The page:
package io.mincong.shop.rest;

import java.io.IOException;
import java.net.URI;
import javax.ws.rs.core.UriBuilder;
import org.glassfish.grizzly.http.server.HttpServer;
import org.glassfish.jersey.grizzly2.httpserver.GrizzlyHttpServerFactory;
import org.glassfish.jersey.server.ResourceConfig;

public class Main {

  private static URI getBaseURI() {
    return UriBuilder.fromUri("http://localhost/").port(8080).build();
  }

  static final URI BASE_URI = getBaseURI();

  static HttpServer startServer() {
    ResourceConfig rc = ResourceConfig.forApplication(new ShopApplication());
    return GrizzlyHttpServerFactory.createHttpServer(BASE_URI, rc);
  }

  public static void main(String[] args) throws IOException {
    System.out.println("Starting grizzly...");
    HttpServer httpServer = startServer();
    System.in.read();
    httpServer.shutdownNow();
  }
}

Once created, we can start the server as a JAR:

$ mvn clean install
$ java -jar ./shop-server/target/shop-server-1.0-SNAPSHOT-jar-with-dependencies.jar
Starting grizzly...

Now, you can test the result in your terminal by pinging the resource via curl:

$ curl -I http://localhost:8080/ping
HTTP/1.1 204 No Content

Our resource method “ping” does not return anything, that’s why did not receive any content. However, 204 means the ping is successful. :) Congratulations, you just created the first resource method!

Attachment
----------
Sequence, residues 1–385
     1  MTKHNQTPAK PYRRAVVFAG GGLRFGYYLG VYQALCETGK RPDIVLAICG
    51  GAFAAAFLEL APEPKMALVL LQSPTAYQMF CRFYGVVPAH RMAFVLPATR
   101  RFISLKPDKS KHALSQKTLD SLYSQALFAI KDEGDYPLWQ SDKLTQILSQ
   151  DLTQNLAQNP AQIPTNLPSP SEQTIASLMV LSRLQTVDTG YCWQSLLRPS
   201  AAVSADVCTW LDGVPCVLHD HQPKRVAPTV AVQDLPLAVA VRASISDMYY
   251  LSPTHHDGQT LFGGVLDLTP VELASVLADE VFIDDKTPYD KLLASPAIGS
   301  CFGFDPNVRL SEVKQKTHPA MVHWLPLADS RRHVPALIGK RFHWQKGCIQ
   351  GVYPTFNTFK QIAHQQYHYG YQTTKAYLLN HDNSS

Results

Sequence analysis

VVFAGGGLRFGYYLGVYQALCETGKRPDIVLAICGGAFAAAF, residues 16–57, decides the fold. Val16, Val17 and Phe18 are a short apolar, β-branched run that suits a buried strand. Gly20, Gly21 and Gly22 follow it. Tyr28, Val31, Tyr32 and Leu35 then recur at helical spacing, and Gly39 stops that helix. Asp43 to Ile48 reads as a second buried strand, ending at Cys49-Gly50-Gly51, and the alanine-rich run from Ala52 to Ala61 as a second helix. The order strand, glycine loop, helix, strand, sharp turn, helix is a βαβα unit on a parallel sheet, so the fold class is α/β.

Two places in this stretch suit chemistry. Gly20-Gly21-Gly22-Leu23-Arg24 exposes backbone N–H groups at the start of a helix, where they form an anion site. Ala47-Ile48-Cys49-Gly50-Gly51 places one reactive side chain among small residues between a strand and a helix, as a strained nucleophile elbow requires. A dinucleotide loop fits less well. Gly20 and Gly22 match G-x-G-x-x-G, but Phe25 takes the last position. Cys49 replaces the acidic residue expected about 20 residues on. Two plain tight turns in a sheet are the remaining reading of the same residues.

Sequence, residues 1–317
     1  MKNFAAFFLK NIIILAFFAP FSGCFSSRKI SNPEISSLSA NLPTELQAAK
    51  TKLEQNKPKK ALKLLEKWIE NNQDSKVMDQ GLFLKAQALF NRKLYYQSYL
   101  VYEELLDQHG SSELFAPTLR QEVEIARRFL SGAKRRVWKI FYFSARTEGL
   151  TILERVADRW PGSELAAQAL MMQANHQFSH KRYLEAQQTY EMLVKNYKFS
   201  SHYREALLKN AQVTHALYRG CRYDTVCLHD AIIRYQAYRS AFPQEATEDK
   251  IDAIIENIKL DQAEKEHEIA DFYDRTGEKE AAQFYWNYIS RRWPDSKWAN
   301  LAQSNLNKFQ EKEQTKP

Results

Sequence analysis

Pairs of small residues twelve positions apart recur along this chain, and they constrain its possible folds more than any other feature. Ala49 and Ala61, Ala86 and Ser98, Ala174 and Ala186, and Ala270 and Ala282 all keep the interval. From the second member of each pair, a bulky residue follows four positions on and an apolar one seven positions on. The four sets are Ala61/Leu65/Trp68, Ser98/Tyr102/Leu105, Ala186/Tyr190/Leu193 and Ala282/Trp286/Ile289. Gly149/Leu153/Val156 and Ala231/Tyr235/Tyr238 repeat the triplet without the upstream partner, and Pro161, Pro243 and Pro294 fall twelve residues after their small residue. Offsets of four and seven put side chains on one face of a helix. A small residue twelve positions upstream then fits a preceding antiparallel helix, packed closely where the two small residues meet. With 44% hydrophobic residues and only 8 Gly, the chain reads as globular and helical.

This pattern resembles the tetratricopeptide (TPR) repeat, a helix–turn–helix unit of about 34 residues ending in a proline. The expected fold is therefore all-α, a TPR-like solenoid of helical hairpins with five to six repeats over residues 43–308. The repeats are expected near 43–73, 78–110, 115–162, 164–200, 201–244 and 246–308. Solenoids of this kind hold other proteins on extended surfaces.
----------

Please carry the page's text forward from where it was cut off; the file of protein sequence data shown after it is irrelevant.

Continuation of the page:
Reproduction

If you want to reproduce the demo of this article, follow the instructions below.

Open one terminal:

~ $ git clone https://github.com/mincong-h/jaxrs-2.x-demo.git
~ $ cd jaxrs-2.x-demo/quickstart
quickstart $ mvn clean install
quickstart $ java -jar target/jaxrs-quickstart-1.0-SNAPSHOT-jar-with-dependencies.jar

Open another terminal:

~ $ curl -I http://localhost:8080/ping
HTTP/1.1 204 No Content

Conclusion

In this article, we learnt the history of JAX-RS and different basic annotations. We also created a simple resource class “ping”, a JAX-RS application “shop”, and a Jersey server for hosting this app. The project hierarchy is:

- JAX-RS Server (Jersey)
  - Application "shop"
    - Resource "ping"

At the end, we use command line tool curl to verify that every works. The entire source code is available on GitHub mincong-h/jaxrs-2.x-demo. Feel free to download it and run the demo on your machine. More articles about JAX-RS are coming in the next weeks. Hope you enjoy this article, see you the next time!

References